The Wolves found themselves 12-0 up inside the first quarter of an hour after a lovely offload by David Solomona set Lee Briers up for the opening try, and then Briers turned creator with a defence cutting pass for centre Ryan Atkins.
But Bradford got back in to the game thanks to a controversial try from Rikki Sheriffe, with video referee Steve Ganson seemingly ignoring a knock-on by Bulls centre Steve Menzies. Heath L’Estrange then showed his guile out of dummy half, piercing through the Wolves defence before finding Dave Halley on the inside, and Paul Sykes‘ conversion reduced arrears to 12-10.
But L’Estrange’s opposite number Michael Monaghan, man of the match in last season’s final, showed he was more than a match for the Bulls hooker by creating a break of his own, and then sending Vinnie Anderson around the full back and under the sticks to put Warrington two scores to the good.
The Bulls continued to generate good field position, and some sloppy defence off the back of a scrum enabled Chris Nero to score and the Bulls went in just two short at 18-16.
Warrington won the arm wrestle at the beginning of the second half, and scored an early try, Chris Hicks going in at the corner after Richie Mathers‘ superb pass exposed some narrow Bulls defending. The brilliant Monaghan strengthened Warrington’s hold on the tie just after the hour, putting in a perfect grubber kick for Hicks to touchdown in the corner, with just inches to spare.
The Bulls, however, didn’t throw the towel in and moments later they were back in the contest when Menzies rolled back the years to fight his way through, and stretch for the line, despite the best efforts of Wolves full-back Mathers, but despite a frantic finish, Warrington held out to move within 80 minutes of a second consecutive Wembley appearance.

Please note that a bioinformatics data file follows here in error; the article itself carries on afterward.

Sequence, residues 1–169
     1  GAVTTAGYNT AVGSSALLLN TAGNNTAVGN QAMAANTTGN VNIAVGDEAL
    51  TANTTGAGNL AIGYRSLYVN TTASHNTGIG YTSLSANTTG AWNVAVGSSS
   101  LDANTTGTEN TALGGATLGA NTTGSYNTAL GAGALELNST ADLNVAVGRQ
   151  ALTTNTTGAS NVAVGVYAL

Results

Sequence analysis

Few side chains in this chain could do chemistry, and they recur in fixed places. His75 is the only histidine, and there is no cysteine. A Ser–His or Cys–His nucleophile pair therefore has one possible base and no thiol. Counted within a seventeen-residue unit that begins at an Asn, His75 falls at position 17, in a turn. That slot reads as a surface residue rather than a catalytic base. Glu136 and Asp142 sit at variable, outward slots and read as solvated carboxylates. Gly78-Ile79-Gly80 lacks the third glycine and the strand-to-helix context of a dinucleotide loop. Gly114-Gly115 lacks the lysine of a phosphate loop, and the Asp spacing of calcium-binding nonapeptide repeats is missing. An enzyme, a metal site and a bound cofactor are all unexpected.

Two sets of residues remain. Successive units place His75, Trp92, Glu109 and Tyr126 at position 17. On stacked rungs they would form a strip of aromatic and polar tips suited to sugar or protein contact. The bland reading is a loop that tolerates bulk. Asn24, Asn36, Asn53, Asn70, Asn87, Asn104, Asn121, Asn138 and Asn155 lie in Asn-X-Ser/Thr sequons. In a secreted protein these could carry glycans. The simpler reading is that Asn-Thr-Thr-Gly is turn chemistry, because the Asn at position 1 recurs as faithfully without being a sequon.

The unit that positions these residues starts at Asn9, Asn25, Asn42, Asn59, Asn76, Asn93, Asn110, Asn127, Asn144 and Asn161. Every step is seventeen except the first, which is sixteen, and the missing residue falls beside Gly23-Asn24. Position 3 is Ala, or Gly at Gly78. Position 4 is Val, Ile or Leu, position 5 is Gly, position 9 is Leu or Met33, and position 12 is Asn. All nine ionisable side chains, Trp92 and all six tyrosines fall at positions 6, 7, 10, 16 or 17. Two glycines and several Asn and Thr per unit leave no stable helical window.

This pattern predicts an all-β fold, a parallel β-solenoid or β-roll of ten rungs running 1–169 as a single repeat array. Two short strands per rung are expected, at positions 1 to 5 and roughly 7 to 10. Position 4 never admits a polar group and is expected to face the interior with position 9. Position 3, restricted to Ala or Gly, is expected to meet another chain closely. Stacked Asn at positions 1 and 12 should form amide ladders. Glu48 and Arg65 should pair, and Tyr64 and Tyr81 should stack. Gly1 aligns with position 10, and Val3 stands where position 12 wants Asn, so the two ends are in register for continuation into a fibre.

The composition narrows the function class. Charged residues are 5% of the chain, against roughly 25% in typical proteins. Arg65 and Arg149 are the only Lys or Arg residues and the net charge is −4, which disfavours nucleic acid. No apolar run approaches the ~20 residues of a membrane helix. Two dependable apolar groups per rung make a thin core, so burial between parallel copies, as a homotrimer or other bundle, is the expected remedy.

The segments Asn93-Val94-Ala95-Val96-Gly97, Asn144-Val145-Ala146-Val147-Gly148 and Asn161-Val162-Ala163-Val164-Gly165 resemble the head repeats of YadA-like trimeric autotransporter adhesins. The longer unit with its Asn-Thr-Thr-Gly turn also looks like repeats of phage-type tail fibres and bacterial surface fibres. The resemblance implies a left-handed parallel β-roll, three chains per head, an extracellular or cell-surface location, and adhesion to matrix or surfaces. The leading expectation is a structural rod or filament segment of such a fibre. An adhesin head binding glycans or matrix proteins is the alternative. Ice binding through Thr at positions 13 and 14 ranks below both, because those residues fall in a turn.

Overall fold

There was a dramatic finish at Headingley as Leeds scored the only try in the final minute to see off Super League leaders Wigan 12-10 in their quarter-final.
In drab conditions, the two sides exchanged nine penalty goals to give Wigan a slender 10-8 advantage, and seemingly looking like progressing to the last four. But Leeds had other ideas, and after Amos Roberts‘ knock on, Lee Smith took advantage of some weak tackling, to go over off the back of a Rhinos scrum.
The conditions made it difficult for both sides to keep hold of the ball, and it was Kevin Sinfield who started the penalty ball rolling, missing two attempts in as many minutes, both coming back off the post. His opposite number Pat Richards then took the initiative, kicking three unanswered penalties to put Wigan 6-0 to the good.
Sinfield then clawed two back, much to the frustration of the home fans, but there was time for him to grab another penalty just before the interval to send the sides in at 6-4.
Wigan then had Liam Farrell sin-binned in the second half for a late challenge on Danny McGuire, but Sinfield opted to level things up rather than put the Warriors’ defensive line under pressure. He then decided to take the two moments later on the back of another penalty, and it turned out to be the wrong decision, as he saw his kick go wide.
Richards then edged the Warriors back in front on the hour mark, but Sinfield wasn’t to be outdone, converting from long range as the game turned in to a kicking contest akin to the Rhinos’ co-tenants, Leeds Carnegie rugby union club.
Referee Phil Bentham awarded his 21st penalty of the match to Wigan, and Richards thought he had maybe done enough to secure a Wigan win in this tryless encounter, until Smith popped up at the death to send Headingley in to raptures.
Any hopes of a shock at Mount Pleasant were soon put to bed as Catalans put in a thoroughly authoritative and professional performance to see off Championship side Batley 74-12, while Barrow went away from their tie at St Helens with their heads held high, holding their illustrious opponents to a credible 32-12 scoreline.